People are catching on.
In comments posted below a local media story online about the new city budget, someone said: “The mayor singled out the long-overdue septic tank project, saying it was a promise made to local neighborhoods decades ago. Now, he said, thanks to the “Jobs For Jax” program funded by the city’s gas tax increase, the city can finally live up to that promise.” Still waiting for anyone to cite “the promise.”
Another answered with a lot of misinformation: “I believe this dates back to 1968, when the vote to consolidate the city with the county was held. The residents of northwest Jacksonville were encouraged to support Consolidation with promises of city sewer service and additional funding for their neighborhoods. Remember, Jim Crow and segregation had recently ended with the passage of the Civil Rights Act and the Voting Rights Act, which was followed by white flight to the suburbs. So the old city limits had become majority Black. Form your own conclusions as to what was really behind consolidation. Of course it was sold as a way to save money by combining city and county services. This is all from memory but I believe it is fairly accurate.”
The other person replied: “I believe you. I just want someone…anyone…to cite the actual promise that was made. Who made it? To whom? Specifically.”
As Eye on Jacksonville repeatedly has stated: There was no promise made to provide a free conversion to city sewer service for everyone in the city who had a septic tank. Nor would any such promise have any legal weight.
The key is that people finally are asking the right question. Politicians seeking excuses for spending billions of dollars of local taxpayer’s money are citing a promise as justification but never can cite a source for their assertion.
If they want to spend the money and have the votes to get it approved, fine. But why lie about the reason?
As for the mayor’s proposed budget for the next fiscal year, it raises a few questions.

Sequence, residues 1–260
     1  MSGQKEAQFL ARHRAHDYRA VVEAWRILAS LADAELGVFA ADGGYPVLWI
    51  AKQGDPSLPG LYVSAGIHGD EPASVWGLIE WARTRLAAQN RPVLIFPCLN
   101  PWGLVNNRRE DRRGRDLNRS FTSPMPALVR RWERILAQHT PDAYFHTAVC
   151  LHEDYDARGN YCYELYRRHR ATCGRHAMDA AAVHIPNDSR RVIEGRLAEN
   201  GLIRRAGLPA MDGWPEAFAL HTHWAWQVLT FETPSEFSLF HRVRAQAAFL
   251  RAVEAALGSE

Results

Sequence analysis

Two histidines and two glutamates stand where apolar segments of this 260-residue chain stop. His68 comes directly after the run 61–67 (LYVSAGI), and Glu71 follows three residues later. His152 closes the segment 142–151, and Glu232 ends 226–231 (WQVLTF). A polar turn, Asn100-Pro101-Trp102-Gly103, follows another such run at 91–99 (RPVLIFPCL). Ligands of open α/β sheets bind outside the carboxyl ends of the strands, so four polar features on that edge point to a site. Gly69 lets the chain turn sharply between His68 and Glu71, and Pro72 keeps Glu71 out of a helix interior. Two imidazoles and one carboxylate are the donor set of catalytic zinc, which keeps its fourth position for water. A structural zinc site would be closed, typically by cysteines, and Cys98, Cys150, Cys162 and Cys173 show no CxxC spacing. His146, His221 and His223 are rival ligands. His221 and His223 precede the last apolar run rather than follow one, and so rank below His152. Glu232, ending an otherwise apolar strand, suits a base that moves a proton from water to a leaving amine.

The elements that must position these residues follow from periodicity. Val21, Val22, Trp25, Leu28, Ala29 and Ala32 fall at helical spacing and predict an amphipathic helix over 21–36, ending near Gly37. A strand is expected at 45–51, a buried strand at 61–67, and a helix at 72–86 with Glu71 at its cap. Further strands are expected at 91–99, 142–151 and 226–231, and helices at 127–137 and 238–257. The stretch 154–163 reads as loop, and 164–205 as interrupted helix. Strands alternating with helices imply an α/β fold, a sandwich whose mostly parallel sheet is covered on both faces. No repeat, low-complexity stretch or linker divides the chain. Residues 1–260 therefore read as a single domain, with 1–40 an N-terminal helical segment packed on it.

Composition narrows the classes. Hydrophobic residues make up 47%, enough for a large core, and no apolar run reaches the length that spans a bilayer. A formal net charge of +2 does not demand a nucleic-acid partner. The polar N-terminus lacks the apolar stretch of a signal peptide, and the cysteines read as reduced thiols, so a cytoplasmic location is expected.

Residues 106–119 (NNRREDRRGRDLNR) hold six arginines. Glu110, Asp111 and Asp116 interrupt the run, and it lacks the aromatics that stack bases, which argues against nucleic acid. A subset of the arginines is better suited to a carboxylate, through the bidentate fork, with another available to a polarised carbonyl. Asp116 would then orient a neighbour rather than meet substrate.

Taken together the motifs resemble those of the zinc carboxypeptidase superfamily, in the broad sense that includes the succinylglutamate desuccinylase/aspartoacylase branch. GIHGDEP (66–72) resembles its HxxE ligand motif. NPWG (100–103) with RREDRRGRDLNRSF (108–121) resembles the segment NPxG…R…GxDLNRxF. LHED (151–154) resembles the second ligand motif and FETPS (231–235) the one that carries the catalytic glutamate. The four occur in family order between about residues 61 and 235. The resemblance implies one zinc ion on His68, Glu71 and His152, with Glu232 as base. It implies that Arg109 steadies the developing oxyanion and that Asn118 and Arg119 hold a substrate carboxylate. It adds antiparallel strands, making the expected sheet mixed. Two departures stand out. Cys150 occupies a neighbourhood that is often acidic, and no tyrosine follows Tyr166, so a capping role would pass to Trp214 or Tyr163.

We would ask Mayor Lenny Curry those questions but he won’t or can’t answer questions from Eye.
One question is, why present the budget as $1.4 billion? That is only the operating cost within the general fund. But the figure is dutifully reported by the local lapdog media — who apparently never look at the actual budget document — as the total cost of city government to taxpayers.
If the media did their job, they would report that the mayor plans to spend $3.5 billion — and that’s only if you don’t count the cost of the city’s independent authorities.
Curry is able to do that because the economy is improving after a pandemic and the federal government is lavishing billions of dollars on state and local governments – money it has borrowed or printed.
Curry also succeeded in pushing through a hefty increase in the local gas tax and will have that revenue to spend.
Curry plans to increase the police and fire budgets while many Democrat-run cities throughout the nation are cutting back.
City Council probably will agree with that move but it should examine closely the proposal to expand the Cure Violence program. To date, no one has shown it is producing results.
City employees would get a generous pay raise using the federal government largesse, which is one-time funding. That will build a substantial recurring cost into the budget.
Each of Curry’s seven budgets have kept the tax rate flat, thanks to growth and revenue sharing.